BILL WOULD END HIGH STAKES TESTING FOR FIFTH AND EIGHTH GRADES
(AUSTIN) — Students in the fifth and eighth grade would no longer have to pass a reading and math assessment in order to move up a grade under a bill before the Senate Education Committee on Tuesday. Critics of these tests say they put too much pressure on young students and state data shows that most students that fail these tests get promoted anyway. The bill, HB 515 sponsored by Senator Larry Taylor of Friendswood, would make assessment testing in the fifth and eighth grade similar to other grades.
The Senate Education Committee, led by Friendswood Senator Larry Taylor, considered ending high stakes testing for fifth and eighth graders.
Here's how the program works today, according to Texas Education Agency Commissioner Mike Morath: Every March, fifth and eighth graders are required to pass an assessment test, the STAAR, in reading and math in order to get promoted to the next grade. Most students pass, according to state data, with 75 percent of fifth graders and 82 percent of eighth graders passing the reading assessment, with similar passage rates for the math assessment. If a student fails an exam they can retest again in May, and again in July if he or she fails the retest. If a student fails all three, his or her parents come together with the teacher and principal to form a committee to decide if the student should be promoted anyway. The vast majority of kids who fail the assessments move on: 95 percent of students that fail assessments in fifth grade go on to sixth grade, and 97 percent of failing eighth graders advance to high school after the committee process.
The bill would eliminate the promotion requirement and make assessment testing in 5th and 8th grade like other grades; testing in May and promotion regardless of performance. Students in those grades who test unsatisfactorily would get remedial education, and the bill would also authorize remedial education for students that don't pass the third grade math assessment exam. Students could still be held back a grade, said Morath, but it would be based on a holistic assessment of academic performance, as it is in every other grade. "Students should no longer hear a message that 'You have to pass otherwise you won't get promoted,'" he said.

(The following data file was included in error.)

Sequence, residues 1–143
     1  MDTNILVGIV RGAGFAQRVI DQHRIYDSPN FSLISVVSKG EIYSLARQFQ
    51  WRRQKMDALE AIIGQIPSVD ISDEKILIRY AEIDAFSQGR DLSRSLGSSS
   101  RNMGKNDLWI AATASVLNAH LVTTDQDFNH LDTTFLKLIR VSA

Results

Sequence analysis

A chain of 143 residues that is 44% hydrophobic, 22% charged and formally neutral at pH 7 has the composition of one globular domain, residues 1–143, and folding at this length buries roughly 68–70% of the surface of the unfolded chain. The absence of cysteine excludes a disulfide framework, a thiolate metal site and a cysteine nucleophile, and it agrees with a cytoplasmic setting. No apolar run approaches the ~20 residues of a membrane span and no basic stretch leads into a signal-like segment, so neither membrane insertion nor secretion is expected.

Morath told members that the bill wouldn't change accountability stakes for teachers and administrators and they would still be accountable for how well students perform on end of course assessments. Bill sponsor Taylor said the measure would reduce pressure on kids while maintaining standards for adults. "The fact is the ones that aren't passing the test today…are still being promoted," he said. "We're really not changing the world. We're taking some of the onus off of the kids, but the school is still going to be held accountable on how that educational process is going within that campus."
One issue that caused concern for some members is language in the bill that would delete the requirement for testing on social studies in the eighth grade and replace the 11th grade US History assessment with a civics test. Houston Senator Paul Bettencourt said knowledge of social studies and history topics like the Declaration of Independence, the Constitution and the Civil War are fundamental to being an American. "This is worth testing to all Texans," he said. "The eighth grade social studies test, as best as I can determine, is the fundamental foundation for peoples' participation in democracy." He added he was similarly loath to end the social studies assessment for high school students.
Bill sponsor and Education Committee Chair Larry Taylor told members that the bill before them Tuesday was a starting point, and that he would craft a substitute to present for a vote based on stakeholder testimony and the preferences of the members.
The Senate will reconvene Wednesday, May 17 at 11 a.m.